It is so easy to make homemade grain-free granola in a sheet pan.

You can make your own homemade granola from ingredients that are probably sitting in your pantry right now.

Think traditional granola is healthy? Think again. It’s time to understand what to enjoy (and what to avoid).

Is granola healthy?

Granola can be healthy, it depends on the ingredients and if it has added sugar, honey, agave, high fructose corn syrup, or maple syrup.

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Most granola, muesli, and cereals are made with high starch grains such as oats, wheat, and barley. When you understand how they raise your blood sugar, you may want to stop or reduce them in your diet.

What is wrong with regular boxed cereal/granola?

You think your cereal, granola, or muesli is “healthy”. It’s full of whole grains, contains some daily vitamins, and is part of a balanced day. It starts you off well and keeps you full. It’s organic and so must be healthy? Sadly, these are all myths.

The invention of breakfast cereal is one of the first convenience foods. They are cheap to make and are seen as an easy answer to the morning schedule. They have become nothing more than a bowl of sugar, corn, or wheat, with milk and vitamins added. Breakfast has become dessert.

If you can understand what is wrong with breakfast cereals you will understand what is wrong with modern food production, marketing, whole grains, the Heart Foundation tick, why low fat is misleading (and can actually increase your risk of heart disease), and how sugar has found its way into everything we eat.

Granola and cereals are packaged in bright, vibrant, exciting packages aiming mainly at children. Or the “healthy cereals” usually have fields and nature on the front, and typically in brown recycled paper boxes, to somehow give it “sustainable and healthy” credentials.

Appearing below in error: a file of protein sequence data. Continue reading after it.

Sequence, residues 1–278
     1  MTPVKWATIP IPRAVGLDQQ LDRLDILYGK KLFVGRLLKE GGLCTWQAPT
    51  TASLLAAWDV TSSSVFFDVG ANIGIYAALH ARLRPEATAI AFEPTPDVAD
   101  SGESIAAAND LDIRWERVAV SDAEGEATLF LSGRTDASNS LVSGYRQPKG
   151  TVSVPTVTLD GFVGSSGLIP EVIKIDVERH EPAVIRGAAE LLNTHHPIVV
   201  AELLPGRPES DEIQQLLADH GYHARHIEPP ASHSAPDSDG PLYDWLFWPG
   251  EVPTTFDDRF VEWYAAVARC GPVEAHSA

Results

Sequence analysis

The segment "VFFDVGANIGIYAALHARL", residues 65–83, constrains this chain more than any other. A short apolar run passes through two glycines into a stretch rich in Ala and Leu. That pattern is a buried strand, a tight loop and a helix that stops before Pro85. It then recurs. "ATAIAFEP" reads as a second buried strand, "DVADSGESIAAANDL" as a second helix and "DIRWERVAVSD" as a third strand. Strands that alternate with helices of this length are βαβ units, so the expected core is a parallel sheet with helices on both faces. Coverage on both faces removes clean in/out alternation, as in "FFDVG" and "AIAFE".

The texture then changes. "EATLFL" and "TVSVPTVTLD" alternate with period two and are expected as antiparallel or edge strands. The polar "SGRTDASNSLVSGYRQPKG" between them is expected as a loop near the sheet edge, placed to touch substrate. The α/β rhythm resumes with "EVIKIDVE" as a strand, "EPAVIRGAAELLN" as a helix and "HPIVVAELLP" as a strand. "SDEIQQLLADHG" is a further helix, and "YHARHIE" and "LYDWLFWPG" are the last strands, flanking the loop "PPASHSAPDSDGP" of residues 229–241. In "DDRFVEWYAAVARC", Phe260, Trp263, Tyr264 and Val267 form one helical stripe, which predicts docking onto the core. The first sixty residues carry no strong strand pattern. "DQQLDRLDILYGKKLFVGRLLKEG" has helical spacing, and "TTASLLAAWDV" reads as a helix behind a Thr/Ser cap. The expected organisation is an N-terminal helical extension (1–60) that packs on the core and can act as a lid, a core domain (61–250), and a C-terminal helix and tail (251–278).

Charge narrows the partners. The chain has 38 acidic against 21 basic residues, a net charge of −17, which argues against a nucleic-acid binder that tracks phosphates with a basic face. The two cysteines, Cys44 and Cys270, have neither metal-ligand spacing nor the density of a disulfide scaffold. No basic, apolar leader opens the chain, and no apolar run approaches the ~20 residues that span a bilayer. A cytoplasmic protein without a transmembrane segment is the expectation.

And if you think it’s only children’s cereal that contains high amounts of sugar, think again. Watch the video below to see how much sugar (natural or not) is hidden in even “healthy” cereals.

UPDATE – One reader sent me his stable blood glucose readings after enjoying my grain-free granola with berries and unsweetened yoghurt.

Most people also start their day by drinking a glass of “natural, healthy” fruit juice, but now you’ve gone over your limit of sugar for the day. But trying to get people to understand why a wholegrain cereal and a glass of juice is so bad, is pretty much like hitting your head against a brick wall. That is the power of the food advertising and marketing industry.

“And if you understand how cereal is marketed, produced, manufactured, sold, you will understand modern food production. This is a wonderful documentary about the propaganda, marketing and industry behind breakfast cereals and how cereals have become synonymous with a healthy breakfast.”

Fast forward to 7 minutes, and see how cereals all stem from one place, 2 brothers and Battle Creek! This is fascinating. See how the Kellogg brothers split and how sugar added to cereal began. How they bought cheap grain for 75c and make $12 of cereal!

Top granola health myths

Myth 1: Whole Grains Are Good For You

Whole grains are high in carbs, raises blood sugars dramatically, causes insulin spikes, increases appetite, causes leaky gut, malabsorption of vitamins, full of gluten, gliadin, and amylopectin A. Modern wheat (which is NOT the same as wheat eaten by our ancestors for centuries) may be a trigger for autoimmune disease such as type 1 diabetes, dementia, multiple sclerosis, rheumatoid arthritis, psoriasis to name a few.